On the morning of the 5th September 1548, Catherine Parr died at Sudeley Castle. It had been over a year since Henry VIII had died and left her Queen Dowager, and she had been married to Thomas Seymour for six months.
Catherine Parr had given birth to a daughter, Mary Seymour, on the 30th August, but had unfortunately contracted puerperal (childbed) fever. As her condition worsened she had suffered bouts of delirium, however she probably knew the extent of her condition. On the morning of the 3rd September, she called Robert Tyrwhit’s wife, Lady Elizabeth, to her bedside. Elizabeth recalled the conversation and it is mentioned in Haynes’ State Papers:
“My Lady Tyrwbyt, I am not well handelyd, for thos that be abowt me caryth not for me, but flandyth lawghyng at my Gref; and the moor Good I wyl to them, the les Good that wyl to me.”
She was probably referring to Thomas Seymour’s relationship with her stepdaughter, Elizabeth. Catherine died in the early morning of the 5th September and her body was wrapped in layers of cere cloth, a waxed cloth used to help prevent decay, and encased in a lead envelope in her coffin. She was buried in the chapel of Sudeley Castle. Jane Grey was the chief mourner and the service was short, in English, as Catherine would have approved. This simple ceremony has been described as the first Protestant burial of an English queen.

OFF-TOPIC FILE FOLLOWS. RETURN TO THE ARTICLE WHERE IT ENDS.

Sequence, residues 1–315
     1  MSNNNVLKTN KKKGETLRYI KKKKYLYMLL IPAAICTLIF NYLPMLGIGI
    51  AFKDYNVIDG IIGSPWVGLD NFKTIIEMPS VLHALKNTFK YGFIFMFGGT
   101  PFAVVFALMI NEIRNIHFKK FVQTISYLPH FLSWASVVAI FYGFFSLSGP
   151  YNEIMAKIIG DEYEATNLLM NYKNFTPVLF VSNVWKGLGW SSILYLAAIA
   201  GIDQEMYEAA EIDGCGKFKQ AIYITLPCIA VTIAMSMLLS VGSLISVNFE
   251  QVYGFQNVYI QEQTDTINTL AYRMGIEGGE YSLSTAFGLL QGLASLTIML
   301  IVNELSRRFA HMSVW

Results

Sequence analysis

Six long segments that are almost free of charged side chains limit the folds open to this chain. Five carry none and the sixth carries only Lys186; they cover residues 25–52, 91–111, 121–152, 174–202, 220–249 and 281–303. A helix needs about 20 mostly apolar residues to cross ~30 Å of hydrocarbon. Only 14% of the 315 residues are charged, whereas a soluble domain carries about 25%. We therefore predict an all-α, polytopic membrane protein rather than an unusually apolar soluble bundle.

Even though she was close to them, none of Henry VIII’s children made any public utterance on their stepmother’s passing. It was suggested to Elizabeth that she write a letter of condolence to Thomas but she declined, on the grounds that she might be thought to be wooing the widower.
Catherine Parr was only thirty-six when she died. In 1782, people investigated the remains of Sudeley Castle’s chapel.They opened up the ground and discovered, not far from the survive, a lead envelope coffin inscribed with the following:
Here lyeth Queen Katheryne Wife to King
Henry the VIII and
The wife of Thomas
Lord of Sudely high
Admy… of Englond
And ynkle to Kyng
Luckily they found that Catherine’s body was completely preserved under the layers. However, they did not seal the coffin properly and so Catherine’s remains had decayed by the time the coffin was investigated again.
State Papers, Haynes, p103-104
Katherine the Queen: The Remarkable Life of Katherine Parr, Linda Porter, p320-324
On This Day in Tudor History, Claire Ridgway, p415-416
Catherine Parr’s memorial.